The Tides They Are a‐Changin': A comprehensive review of past and future non‐astronomical changes in tides, their driving mechanisms and future implications

Ivan D. Haigh, Mark D. Pickering, J.A. Mattias Green, Brian K. Arbic, Arne Arns, Sönke Dangendorf, David Hill, Kevin Horsburgh, Tom Howard, Déborah Idier, David A. Jay, Leon Jänicke (+6 others)
<span title="2019-12-13">2019</span> <i title="American Geophysical Union (AGU)"> <a target="_blank" rel="noopener" href="" style="color: black;">Reviews of Geophysics</a> </i> &nbsp;
Scientists and engineers have observed for some time that tidal amplitudes at many locations are shifting considerably due to nonastronomical factors. Here we review comprehensively these important changes in tidal properties, many of which remain poorly understood. Over long geological time scales, tectonic processes drive variations in basin size, depth, and shape and hence the resonant properties of ocean basins. On shorter geological time scales, changes in oceanic tidal properties are
more &raquo; ... ated by variations in water depth. A growing number of studies have identified widespread, sometimes regionally coherent, positive, and negative trends in tidal constituents and levels during the 19th, 20th, and early 21st centuries. Determining the causes is challenging because a tide measured at a coastal gauge integrates the effects of local, regional, and oceanic changes. Here, we highlight six main factors that can cause changes in measured tidal statistics on local scales and a further eight possible regional/global driving mechanisms. Since only a few studies have combined observations and models, or modeled at a temporal/spatial resolution capable of resolving both ultralocal and large-scale global changes, the individual contributions from local and regional mechanisms remain uncertain. Nonetheless, modeling studies project that sea level rise and climate change will continue to alter tides over the next several centuries, with regionally coherent modes of change caused by alterations to coastal morphology and ice sheet extent. Hence, a better understanding of the causes and consequences of tidal variations is needed to help assess the implications for coastal defense, risk assessment, and ecological change. Plain Language Summary Tides are one of the most persistent and dominant forces that shape our planet. The regular and predictable daily, fortnightly, monthly, annual, interannual, and longer-term changes in tides, driven by astronomical forces, are well understood. However, scientists and engineers have observed for some time that tides at many locations are shifting considerably due to nonastronomical factors. Here, we carry out a review of these important changes in tides, many of which remain poorly understood. We highlight that over long geological time scales, changes in tides are driven by tectonic processes, which alter the size, depth, and shape of the ocean. Over shorter geological time scales, changes in tides are mainly driven by changes in water depth. In recent decades, a growing number of studies have identified widespread, and sometimes regionally coherent, changes in tides during the last 150 years. However, determining exactly what has caused these more recent changes in tides has proven difficult. We discuss the local and regional/global mechanisms that might be responsible for the observed changes.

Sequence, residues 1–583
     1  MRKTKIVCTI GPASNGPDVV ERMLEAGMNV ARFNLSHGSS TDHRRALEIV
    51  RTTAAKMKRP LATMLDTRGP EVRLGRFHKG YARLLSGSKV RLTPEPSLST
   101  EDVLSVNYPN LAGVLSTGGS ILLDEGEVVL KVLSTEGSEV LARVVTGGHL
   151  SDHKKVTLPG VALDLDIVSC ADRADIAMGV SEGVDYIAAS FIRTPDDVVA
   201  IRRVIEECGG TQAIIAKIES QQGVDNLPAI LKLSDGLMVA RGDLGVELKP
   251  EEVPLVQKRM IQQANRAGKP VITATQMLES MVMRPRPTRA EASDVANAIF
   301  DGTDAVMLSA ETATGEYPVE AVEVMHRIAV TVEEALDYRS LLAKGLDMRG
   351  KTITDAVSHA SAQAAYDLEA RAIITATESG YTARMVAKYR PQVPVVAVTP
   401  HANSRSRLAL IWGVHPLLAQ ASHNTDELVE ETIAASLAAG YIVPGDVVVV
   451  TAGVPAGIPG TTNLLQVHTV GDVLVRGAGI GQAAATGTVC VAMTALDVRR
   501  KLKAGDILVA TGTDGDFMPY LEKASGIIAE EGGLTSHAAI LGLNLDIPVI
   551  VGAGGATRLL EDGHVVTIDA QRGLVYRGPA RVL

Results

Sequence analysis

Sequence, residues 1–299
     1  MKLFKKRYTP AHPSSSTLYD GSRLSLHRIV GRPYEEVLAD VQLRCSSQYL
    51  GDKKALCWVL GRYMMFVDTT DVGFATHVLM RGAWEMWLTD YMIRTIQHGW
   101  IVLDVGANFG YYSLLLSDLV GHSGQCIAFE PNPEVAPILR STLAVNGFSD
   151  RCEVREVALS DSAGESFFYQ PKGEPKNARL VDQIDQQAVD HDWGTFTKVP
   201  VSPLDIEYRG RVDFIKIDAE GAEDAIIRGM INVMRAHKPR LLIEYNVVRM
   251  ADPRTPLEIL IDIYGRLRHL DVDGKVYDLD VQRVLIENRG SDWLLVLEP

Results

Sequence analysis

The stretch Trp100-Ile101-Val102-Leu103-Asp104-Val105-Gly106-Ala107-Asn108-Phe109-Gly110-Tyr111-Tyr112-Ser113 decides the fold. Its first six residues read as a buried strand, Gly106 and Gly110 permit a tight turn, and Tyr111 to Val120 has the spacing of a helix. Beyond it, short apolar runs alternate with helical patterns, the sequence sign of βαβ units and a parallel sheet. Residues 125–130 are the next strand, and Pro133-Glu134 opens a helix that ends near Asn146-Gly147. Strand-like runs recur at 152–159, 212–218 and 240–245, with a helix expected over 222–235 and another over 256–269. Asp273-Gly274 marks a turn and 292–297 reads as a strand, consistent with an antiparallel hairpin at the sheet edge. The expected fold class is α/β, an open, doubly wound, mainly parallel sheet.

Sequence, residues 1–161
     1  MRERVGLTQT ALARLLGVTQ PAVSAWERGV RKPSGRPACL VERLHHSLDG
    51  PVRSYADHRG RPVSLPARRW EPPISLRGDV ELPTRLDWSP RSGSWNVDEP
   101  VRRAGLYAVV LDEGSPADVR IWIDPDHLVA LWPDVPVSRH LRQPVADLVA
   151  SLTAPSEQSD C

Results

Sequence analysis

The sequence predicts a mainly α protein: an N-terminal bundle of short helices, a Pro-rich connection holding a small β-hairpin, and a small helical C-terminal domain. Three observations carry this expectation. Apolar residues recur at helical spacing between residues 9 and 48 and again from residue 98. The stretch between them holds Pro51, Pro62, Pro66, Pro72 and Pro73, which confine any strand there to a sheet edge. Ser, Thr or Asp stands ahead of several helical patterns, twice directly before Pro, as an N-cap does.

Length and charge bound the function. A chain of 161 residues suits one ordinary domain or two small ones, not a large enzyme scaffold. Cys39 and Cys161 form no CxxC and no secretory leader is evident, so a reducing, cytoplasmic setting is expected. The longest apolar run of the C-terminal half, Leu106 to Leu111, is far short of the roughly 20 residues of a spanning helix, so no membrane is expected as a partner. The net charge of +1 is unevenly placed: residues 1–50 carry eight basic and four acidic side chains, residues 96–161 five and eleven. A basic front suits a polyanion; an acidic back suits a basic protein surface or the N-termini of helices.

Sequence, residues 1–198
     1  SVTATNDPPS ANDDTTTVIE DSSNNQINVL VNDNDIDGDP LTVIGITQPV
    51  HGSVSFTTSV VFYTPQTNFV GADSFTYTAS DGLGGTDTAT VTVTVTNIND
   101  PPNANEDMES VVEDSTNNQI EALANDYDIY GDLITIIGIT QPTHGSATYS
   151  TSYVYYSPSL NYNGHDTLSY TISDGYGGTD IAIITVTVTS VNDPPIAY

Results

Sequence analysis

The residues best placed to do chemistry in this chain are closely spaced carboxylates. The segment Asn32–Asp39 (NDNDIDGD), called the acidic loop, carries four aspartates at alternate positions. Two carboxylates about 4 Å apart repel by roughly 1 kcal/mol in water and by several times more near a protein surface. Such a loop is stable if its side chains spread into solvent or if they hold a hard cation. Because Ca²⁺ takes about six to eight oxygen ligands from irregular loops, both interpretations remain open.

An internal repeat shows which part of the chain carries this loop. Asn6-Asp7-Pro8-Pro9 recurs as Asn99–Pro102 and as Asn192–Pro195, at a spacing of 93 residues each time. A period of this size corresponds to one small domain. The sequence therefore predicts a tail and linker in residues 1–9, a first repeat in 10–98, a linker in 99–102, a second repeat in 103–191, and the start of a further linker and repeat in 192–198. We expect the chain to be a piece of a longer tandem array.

<span class="external-identifiers"> <a target="_blank" rel="external noopener noreferrer" href="">doi:10.1029/2018rg000636</a> <a target="_blank" rel="external noopener" href="">fatcat:lpvzn3ep6jctrmfzrn2z4av3am</a> </span>
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